Modern Monetary Theory: An Austrian Interpretation of Recrudescent Keynesianism
Modern monetary theory (MMT) argues that governments can never go bankrupt because they have the power to print money to finance budget deficits. Consequently, debt monetization can achieve virtually any government objective desired. This paper uses Austrian economics to argue that MMT suffers from the flaws of all forms of Keynesian economics, particularly the original version of the 1930s and 1940s. MMT fails to understand capital-based macroeconomics and how government policy affects the temporal structure of production. MMT also neglects the importance of profit and loss accounting compared to government allocation of resources. The Austrian school argues that traditional New Keynesian countercyclical monetary policy results in a credit-induced boom and bust (Austrian business cycle theory) by injecting new money into private sector loans through the banking sector. However, Austrian analysis demonstrates that MMT’s monetary policy to monetize government deficits and increase the money supply through government spending will instead lead to secular economic stagnation and a stunted capital structure. Overall, the policy prescriptions of MMT are far more dangerous than traditional New Keynesian policies.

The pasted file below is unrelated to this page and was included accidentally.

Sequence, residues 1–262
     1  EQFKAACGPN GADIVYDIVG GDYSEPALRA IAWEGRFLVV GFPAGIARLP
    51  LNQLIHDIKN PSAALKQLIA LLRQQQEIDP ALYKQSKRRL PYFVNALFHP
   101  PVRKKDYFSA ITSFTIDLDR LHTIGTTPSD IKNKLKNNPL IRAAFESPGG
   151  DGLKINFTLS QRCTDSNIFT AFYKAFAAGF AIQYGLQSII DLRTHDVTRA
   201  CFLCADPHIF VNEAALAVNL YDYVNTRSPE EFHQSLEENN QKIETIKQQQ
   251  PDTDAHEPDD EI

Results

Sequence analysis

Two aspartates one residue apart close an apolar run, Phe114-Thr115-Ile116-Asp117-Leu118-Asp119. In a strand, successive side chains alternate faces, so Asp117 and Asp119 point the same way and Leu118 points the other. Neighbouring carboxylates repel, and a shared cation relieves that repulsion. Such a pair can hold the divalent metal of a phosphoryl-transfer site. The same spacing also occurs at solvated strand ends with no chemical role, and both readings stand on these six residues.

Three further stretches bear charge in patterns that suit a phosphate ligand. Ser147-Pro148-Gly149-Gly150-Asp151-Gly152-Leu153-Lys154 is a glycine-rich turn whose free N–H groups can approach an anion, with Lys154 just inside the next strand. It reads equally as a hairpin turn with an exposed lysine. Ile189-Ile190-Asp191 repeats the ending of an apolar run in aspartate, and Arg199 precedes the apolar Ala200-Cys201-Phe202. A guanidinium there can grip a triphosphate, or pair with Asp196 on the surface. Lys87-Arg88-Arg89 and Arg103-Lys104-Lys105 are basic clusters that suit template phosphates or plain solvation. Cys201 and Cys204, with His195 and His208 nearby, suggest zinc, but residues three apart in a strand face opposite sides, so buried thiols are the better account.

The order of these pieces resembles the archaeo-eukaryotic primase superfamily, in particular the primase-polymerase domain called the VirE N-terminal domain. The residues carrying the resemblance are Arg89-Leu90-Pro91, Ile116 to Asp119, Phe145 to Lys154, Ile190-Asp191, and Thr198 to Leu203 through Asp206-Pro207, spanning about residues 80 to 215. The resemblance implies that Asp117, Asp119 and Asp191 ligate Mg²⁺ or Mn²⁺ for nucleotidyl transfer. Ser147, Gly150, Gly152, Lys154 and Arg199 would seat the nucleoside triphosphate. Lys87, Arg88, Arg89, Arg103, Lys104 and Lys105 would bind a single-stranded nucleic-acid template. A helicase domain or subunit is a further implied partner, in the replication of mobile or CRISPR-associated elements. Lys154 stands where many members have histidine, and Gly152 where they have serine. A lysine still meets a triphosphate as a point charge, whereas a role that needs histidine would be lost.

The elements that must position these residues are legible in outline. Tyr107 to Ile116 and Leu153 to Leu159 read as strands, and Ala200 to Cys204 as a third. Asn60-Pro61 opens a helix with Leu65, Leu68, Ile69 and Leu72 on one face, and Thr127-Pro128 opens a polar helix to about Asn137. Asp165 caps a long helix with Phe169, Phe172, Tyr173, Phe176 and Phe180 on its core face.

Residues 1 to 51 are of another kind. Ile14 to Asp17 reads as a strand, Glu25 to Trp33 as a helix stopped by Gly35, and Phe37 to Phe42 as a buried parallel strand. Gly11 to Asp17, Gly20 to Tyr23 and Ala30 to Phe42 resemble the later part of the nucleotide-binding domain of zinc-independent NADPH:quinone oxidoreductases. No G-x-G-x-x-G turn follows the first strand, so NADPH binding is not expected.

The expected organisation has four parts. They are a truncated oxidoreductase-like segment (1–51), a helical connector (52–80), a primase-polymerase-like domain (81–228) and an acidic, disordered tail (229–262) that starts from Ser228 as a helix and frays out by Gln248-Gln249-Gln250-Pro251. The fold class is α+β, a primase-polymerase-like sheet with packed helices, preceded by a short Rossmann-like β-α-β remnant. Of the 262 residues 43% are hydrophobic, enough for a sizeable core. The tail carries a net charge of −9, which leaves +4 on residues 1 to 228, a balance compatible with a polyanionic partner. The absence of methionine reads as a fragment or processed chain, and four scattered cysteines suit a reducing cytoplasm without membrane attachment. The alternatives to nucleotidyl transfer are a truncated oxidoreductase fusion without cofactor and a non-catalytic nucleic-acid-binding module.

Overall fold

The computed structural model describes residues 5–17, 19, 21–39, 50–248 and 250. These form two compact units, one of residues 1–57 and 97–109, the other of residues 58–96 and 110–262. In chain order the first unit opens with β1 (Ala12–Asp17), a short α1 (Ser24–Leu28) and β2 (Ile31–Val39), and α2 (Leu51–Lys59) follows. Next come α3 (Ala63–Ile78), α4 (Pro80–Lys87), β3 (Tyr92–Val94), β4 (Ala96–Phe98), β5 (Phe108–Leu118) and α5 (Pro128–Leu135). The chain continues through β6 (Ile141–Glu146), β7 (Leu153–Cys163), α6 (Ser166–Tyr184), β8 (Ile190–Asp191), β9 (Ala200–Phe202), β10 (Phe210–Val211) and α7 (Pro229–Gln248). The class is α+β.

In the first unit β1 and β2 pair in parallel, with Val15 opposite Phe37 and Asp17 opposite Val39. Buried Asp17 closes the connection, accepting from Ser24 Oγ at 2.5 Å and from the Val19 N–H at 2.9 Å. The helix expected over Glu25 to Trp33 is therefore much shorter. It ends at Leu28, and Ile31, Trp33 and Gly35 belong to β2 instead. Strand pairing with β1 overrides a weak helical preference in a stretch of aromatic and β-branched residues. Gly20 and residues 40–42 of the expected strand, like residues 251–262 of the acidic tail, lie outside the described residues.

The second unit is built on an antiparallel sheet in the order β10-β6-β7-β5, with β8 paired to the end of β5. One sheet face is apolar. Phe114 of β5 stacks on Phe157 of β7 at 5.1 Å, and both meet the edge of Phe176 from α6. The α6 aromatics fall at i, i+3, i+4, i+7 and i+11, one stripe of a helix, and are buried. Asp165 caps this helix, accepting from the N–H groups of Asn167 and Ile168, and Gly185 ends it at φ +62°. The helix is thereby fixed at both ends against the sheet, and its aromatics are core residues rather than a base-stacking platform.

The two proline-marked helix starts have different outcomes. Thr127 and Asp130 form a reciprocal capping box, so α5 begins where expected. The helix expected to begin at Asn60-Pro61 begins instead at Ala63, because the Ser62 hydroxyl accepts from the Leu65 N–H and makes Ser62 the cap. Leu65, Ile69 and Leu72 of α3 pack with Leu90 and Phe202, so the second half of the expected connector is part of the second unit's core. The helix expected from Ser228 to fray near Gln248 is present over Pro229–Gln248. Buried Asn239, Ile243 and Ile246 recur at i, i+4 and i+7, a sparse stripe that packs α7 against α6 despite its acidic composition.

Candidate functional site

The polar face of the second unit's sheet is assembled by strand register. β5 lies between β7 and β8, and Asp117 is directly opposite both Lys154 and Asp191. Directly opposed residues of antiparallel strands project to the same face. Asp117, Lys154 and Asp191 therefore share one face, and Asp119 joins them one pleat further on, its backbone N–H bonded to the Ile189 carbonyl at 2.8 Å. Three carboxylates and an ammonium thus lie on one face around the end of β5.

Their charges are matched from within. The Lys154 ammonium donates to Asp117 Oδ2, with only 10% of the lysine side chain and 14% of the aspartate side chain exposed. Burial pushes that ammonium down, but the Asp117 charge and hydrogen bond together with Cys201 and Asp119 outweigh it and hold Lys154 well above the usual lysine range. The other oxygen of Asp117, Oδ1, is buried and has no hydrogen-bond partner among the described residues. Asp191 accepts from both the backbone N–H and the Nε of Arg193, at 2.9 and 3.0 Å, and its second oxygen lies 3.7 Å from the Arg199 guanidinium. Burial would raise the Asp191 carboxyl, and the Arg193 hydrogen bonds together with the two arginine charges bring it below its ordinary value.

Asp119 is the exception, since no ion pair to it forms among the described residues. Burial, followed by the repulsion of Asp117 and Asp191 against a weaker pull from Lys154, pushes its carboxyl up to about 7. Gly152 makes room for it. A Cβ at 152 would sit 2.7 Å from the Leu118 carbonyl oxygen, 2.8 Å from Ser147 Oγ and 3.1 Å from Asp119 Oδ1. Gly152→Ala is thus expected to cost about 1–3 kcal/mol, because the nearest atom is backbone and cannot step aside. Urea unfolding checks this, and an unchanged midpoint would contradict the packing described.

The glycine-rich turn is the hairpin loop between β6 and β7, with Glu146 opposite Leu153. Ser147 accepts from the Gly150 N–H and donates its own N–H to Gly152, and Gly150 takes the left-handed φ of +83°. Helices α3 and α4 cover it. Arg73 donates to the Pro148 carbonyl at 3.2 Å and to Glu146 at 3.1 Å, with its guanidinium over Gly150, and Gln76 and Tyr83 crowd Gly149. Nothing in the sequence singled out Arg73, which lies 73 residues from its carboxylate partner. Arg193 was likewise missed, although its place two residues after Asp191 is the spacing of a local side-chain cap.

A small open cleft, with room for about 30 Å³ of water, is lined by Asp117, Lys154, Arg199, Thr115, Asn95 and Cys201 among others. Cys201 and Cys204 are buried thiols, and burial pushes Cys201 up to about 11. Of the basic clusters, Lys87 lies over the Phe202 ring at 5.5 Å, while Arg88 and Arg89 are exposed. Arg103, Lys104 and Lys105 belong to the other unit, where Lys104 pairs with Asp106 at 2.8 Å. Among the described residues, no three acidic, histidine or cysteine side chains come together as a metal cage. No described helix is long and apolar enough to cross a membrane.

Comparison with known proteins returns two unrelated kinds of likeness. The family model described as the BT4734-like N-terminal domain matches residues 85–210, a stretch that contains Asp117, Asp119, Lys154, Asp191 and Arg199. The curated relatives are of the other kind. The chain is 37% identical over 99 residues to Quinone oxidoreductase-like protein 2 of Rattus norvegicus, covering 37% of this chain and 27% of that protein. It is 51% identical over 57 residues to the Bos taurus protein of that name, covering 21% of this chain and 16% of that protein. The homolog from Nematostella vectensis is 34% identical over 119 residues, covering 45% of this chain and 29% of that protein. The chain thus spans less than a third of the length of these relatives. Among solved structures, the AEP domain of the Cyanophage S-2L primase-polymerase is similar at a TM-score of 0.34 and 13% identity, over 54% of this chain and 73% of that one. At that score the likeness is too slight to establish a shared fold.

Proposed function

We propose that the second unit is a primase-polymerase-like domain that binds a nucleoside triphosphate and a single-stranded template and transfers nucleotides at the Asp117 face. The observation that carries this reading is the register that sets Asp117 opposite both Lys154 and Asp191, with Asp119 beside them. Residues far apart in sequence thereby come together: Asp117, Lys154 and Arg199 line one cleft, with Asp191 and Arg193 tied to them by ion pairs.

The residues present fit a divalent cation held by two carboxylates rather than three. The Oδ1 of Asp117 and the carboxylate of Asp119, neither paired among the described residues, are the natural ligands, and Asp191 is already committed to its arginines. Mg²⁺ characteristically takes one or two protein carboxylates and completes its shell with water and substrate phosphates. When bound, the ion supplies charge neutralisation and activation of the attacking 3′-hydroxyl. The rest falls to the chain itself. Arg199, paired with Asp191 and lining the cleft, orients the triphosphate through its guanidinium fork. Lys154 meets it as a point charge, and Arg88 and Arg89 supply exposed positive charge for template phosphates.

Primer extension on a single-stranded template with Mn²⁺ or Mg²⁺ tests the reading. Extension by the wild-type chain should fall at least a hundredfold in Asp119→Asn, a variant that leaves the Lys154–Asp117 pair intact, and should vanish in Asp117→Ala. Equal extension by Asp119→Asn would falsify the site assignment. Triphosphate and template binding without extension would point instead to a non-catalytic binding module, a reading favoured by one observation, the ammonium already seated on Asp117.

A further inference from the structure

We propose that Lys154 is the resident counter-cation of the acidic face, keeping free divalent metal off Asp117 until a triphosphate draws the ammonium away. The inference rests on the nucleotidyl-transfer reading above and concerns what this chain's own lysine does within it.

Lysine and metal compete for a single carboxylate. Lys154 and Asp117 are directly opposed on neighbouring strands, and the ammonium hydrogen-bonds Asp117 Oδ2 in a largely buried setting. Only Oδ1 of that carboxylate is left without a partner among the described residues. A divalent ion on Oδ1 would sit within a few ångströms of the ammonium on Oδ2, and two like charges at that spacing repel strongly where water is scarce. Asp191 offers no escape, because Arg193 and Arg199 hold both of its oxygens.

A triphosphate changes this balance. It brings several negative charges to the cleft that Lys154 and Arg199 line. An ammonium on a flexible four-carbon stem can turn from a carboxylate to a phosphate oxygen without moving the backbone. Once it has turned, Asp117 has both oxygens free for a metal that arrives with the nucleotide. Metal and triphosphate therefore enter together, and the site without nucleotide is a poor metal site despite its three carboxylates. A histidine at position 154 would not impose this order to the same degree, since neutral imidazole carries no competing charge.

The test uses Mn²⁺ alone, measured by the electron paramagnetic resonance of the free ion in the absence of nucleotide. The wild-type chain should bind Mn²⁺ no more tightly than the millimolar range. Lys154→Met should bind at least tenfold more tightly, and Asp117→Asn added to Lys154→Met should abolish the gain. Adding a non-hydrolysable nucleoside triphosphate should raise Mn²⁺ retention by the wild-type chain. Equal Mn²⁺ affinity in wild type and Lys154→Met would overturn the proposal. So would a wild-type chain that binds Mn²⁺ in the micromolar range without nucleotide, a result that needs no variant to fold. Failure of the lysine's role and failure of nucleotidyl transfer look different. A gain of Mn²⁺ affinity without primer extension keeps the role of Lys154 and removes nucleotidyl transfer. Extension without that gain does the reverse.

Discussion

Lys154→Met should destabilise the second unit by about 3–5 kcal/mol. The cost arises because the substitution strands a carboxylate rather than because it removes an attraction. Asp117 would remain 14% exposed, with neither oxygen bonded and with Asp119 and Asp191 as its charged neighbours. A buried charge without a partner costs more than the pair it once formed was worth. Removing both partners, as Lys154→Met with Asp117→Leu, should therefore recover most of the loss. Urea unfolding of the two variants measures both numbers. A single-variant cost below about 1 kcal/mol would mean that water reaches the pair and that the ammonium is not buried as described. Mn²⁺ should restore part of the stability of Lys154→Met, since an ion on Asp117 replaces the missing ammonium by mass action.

Keynesian economics, Macroeconomics
Newman, P. (2020). Modern Monetary Theory: An Austrian Interpretation of Recrudescent Keynesianism. Atlantic Economic Journal, 48(1), 23–31. https://doi.org/10.1007/s11293-020-09653-7